Proposed EU targets for the CO2 produced by new cars are too stringent, claim chiefs
15 November 2018

Earlier this month, EU-member governments agreed that by 2030 car makers selling in the region would have to cut CO2 emissions (improve fuel economy) from the cars they sell by 35% from 2021 levels. The cut also needs to be 15% lower by 2025. 

That target was already tough at 95g/km of CO2, but that would fall to around 62g/km by 2030. Only by electrifying a good proportion of their vehicles will car makers achieve that. 

There’s still some wrangling between the governments, the European Commission lawmaking body and the elected European parliament before it goes to a final vote, likely in January next year, but it’s not expected to be watered down. 

What we don’t know is whether the UK will be included in those targets once it has left the EU. The UK did participate in the October vote and, along with 16 other countries, actually pushed for a tougher cut of 40%. 

Given the UK government’s apparent zeal for wanting to move towards electrification (notwithstanding its recently announced end to plug-in hybrid grants), we should assume that the UK is either part of the EU target or at least operating in parallel. 

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The car makers were none too happy. Their European lobbying organisation, ACEA, had previously suggested 20% as being a fair drop from 2021 levels, and only then conditional on there being a “real market uptake” on electric cars. 

Instead, the target is nearly twice as tough and includes a quota of 35% of zero- and low-emission cars by 2030. Car makers can relax their CO2 target by meeting a benchmark share of low-emission vehicles. 

ACEA secretary general Erik Jonnaert warned it would impact jobs as demand for locally built combustion engines dropped and said the pace of change was too fast. “It would essentially force the industry into a dramatic transformation in record time,” he said, which suggests the sweeping promises of electrification made by Europe’s car makers aren’t as advanced as they have been claiming. 

The EU wants to both cut CO2 levels but also return Europe to the forefront of automotive innovation. An assessment into the likely impact of the CO2 reduction published by the European Commission last year said reduction standards have been a “fundamental tool” to push for innovation in low-carbon technologies. “But today, the EU is no longer the clear leader in this race, with the US, Japan, South Korea and China moving ahead very quickly,” it said. The assessment also concluded that the fuel savings would outweigh the extra cost of electrification. 

One interesting development was that the EU governments voted to keep the so-called derogation, or relaxed targets, for manufacturers selling fewer than 300,000 vehicles annually in Europe. This helps Jaguar Land Rover (JLR), as well as Suzuki, Mazda, Honda and Mitsubishi, and stays despite a recommendation from the European Commission that it be dropped for the 2030 targets.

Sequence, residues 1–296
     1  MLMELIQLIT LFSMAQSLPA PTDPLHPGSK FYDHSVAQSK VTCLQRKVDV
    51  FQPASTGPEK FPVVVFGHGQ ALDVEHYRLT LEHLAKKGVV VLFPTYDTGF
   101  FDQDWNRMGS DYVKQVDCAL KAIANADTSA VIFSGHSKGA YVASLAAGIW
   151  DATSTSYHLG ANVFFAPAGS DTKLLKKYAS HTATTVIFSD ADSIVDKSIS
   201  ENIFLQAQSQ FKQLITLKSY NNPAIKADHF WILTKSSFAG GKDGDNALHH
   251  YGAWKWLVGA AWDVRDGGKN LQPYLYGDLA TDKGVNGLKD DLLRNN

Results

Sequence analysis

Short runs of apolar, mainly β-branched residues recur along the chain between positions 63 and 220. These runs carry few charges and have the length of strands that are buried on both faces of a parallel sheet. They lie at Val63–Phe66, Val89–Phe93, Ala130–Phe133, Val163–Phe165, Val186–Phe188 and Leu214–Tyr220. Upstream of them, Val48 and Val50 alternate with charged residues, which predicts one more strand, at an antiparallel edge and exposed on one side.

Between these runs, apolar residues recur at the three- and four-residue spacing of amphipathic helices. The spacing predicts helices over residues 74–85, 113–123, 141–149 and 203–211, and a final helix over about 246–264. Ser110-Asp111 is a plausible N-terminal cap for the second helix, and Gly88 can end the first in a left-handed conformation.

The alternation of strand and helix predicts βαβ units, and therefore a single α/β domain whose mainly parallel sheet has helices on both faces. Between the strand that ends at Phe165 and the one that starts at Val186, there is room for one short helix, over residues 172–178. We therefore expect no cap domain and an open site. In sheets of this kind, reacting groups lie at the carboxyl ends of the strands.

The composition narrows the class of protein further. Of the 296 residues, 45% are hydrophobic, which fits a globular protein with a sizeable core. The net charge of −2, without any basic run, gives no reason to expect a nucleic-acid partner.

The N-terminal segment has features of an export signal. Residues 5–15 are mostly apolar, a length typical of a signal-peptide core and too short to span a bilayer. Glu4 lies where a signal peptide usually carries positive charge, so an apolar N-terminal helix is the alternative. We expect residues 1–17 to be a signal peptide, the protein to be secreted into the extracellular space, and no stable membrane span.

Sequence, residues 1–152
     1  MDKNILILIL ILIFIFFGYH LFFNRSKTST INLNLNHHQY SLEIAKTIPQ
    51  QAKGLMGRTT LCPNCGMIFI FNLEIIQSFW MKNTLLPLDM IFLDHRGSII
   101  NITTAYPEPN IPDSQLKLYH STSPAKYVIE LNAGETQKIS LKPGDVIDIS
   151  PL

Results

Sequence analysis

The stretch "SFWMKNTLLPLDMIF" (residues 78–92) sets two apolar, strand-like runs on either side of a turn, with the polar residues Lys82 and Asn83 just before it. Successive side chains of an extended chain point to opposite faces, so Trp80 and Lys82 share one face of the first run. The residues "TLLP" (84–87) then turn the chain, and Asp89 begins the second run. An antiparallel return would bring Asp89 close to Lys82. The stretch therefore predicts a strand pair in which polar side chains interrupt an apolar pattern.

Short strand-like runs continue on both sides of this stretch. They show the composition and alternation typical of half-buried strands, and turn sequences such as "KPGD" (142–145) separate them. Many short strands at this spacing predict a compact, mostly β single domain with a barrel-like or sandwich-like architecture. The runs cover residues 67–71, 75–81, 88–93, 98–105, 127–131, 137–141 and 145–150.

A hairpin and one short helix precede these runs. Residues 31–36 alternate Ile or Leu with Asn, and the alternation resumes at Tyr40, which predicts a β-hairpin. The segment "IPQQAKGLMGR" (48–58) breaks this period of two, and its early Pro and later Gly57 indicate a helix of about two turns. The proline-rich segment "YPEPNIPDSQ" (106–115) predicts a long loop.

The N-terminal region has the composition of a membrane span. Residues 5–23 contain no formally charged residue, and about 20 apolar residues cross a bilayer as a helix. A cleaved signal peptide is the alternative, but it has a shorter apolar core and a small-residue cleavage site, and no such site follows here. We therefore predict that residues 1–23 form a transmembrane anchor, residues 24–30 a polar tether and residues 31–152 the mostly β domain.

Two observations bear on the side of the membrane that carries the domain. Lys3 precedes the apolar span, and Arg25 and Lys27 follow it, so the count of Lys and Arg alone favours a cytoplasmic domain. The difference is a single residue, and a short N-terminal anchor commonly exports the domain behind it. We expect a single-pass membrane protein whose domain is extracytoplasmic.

It was saved after lobbying from Slovakia (where JLR has its new plant) and Hungary (home of Suzuki’s manufacturing in Europe) but, interestingly, the UK didn’t lobby for it. “The UK focus was on trying to get an ambitious proposal rather than try to push for derogation,” said Greg Archer, director of clean vehicles at European green pressure group Transport & Environment. 

The derogation is an enormous help to JLR, which needs to hit a CO2 target of 132g/km by 2021.

Could they game the system?

Measuring the average CO2 of each brand’s sales output is fiendishly difficult and could offer a chance to game the system. What car makers want by 2021 is to be as low as possible on CO2 so they don’t incur fines on the existing targets, but also as high as possible so their target is less arduous for 2025 and 2030. 

And there is a way, according to green pressure group Transport & Environment (T&E). Car makers can double test, getting a low figure on the outgoing NEDC method of emissions testing for 2021 compliance but using the new WLTP process, which generates higher CO2 figures, for setting their 2030 benchmark. 

“What manufacturers are doing is trying to inflate the WLTP score to get higher starting values,” T&E’s Greg Archer said.

NICK GIBBS

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Comments
3

19 November 2018

As a collective body, the EU have made a decision. What if all the car makers do the same - if they are unhappy then simply get together and refuse to abide by the new EU laws - what then?

19 November 2018

VW for willingly endangering human health to sell cars and various governments not having a clue about cars and just wanting to tax the enviromental zeitgeist of the moment.

19 November 2018
The way battery prices are plummeting and battery performance is improving. By 2025 almost all cars will be at least strong hybrids and electric will be mainstream.

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